|Tel Aviv Syndrome
||[Mar. 30th, 2011|02:49 pm]
I knew I would find Israel freaky. I guess that is why I waited so long to go there. That, and the occupation.|
Jerusalem Syndrome, which apparently hits dozens of visitors a year, occurs when people are overwhelmed by the historical significance of the place and imagine themselves prophets or actors in the End Times. Tel Aviv Syndrome, which I have just coined, occurs when you visit a place that you have heard about all your life, it is pretty much as you expected it, and still you can't believe it exists in the real world.
So, to begin, I still can't believe that there is a country where Hebrew is the first language. I can read Hebrew but can't really speak it. To me, even though I've heard it spoken many times before, it is essentially this obscure religious language I got shanghaied into learning in primary school. It is like finding a country where everyone has decided to speak Klingon.
Everyone argues. Everyone says "it is complex". Everyone I have met breathes left wing politics. I had dinner with a lovely woman who came here in the mid-1980s to live on a kibbutz and build reconciliation work with the Arab Israelis, and another woman - a local councillor who doesn't earn a shekel and works to get better public transportation to the Arab villages. What can I tell them? They have lined me up for a talk at the Ministry of Transportation. What effect could I possibly have?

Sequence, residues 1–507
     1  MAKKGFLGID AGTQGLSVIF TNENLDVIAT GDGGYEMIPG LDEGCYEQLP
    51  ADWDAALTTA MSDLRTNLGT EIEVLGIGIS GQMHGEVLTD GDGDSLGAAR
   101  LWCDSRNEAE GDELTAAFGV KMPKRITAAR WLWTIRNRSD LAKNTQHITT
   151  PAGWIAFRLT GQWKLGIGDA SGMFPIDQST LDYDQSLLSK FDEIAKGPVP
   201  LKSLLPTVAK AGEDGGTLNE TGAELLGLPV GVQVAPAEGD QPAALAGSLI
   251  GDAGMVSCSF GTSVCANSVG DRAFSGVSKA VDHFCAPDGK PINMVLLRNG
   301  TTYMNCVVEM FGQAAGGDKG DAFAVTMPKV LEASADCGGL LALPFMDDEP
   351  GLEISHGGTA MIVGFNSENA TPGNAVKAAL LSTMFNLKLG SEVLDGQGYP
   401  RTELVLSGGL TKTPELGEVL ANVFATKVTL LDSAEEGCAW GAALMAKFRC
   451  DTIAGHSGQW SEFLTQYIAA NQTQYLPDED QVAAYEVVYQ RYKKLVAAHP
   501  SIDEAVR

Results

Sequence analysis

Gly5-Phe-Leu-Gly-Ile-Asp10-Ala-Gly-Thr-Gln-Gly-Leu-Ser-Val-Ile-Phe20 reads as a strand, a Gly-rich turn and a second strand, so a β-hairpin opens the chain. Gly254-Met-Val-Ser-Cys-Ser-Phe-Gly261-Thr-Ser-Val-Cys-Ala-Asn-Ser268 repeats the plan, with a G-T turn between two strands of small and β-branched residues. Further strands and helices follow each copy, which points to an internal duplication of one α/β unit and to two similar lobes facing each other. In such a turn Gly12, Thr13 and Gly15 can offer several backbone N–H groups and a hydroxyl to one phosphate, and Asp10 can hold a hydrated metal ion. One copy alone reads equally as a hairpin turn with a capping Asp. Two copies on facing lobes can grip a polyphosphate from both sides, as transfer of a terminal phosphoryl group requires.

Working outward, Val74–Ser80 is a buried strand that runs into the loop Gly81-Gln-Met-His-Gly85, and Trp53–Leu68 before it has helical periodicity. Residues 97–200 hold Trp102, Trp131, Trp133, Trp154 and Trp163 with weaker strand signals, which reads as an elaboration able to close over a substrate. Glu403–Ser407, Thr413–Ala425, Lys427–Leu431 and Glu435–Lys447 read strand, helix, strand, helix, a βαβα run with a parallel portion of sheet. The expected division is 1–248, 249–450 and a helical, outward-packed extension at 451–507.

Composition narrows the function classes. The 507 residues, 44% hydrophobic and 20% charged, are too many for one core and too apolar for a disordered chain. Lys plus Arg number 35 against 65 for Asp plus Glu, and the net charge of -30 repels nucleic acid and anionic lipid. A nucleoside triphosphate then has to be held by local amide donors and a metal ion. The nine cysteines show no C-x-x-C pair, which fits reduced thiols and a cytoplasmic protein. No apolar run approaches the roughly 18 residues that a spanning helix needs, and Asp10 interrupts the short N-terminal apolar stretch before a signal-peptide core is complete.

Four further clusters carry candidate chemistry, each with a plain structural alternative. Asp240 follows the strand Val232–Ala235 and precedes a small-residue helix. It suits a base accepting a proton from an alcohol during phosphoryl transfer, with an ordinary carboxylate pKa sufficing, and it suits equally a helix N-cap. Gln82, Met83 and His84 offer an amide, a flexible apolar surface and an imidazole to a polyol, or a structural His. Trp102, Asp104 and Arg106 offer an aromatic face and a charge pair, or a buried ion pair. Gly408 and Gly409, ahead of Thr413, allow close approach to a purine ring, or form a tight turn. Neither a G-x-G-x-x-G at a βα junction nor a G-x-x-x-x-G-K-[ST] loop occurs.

The breakfast was awesome. I walked along the boardwalk and saw people jogging and biking and powerwalking, and it could have been Australia. I rented a bicycle and saw crazy modernism state planning at its most powerful, and heard Ulrich Beck speak at the university. A German philosopher brought over by the German Green Party, talking about cosmopolitanization at its most abstract. I saw kids in their army uniforms and younger kids in their youth club uniforms, because Tuesday is the day that school gets out early so the kids can run their own youth groups. I saw the socialist paradise that Israel was supposed to be, and heard about the deeply racist realities (and in so many directions! against Ethiopian Jews and Bedouins and the settlers hate all other Jews...).
One surprise, and it might just be luck. Everyone has been friendly so far. I had a good cab driver from the airport, my visa card didn't work and the hotel workers behind the desk let me sort it out in the morning, my hosts have organized meetings for me, the restaurant people have been lovely, I asked dozens of people for directions and even the people who didn't speak English tried to help. Maybe they exported the real sabras, or maybe Tel Aviv is a bubble. I expect the latter.
I can't sleep. Today I have to give a talk at Tel Aviv University and then move on to the Technion University in Haifa. In September, there will be a war. Probably a civil war (like there is, constantly, in the Occupied Territories - I mean violent fights between factions as much as Palestinians and Jews) = there will also be a civil war in Israel, where the kids in the army take on the settlers. And it is painful, because I always knew I would feel that these are my people.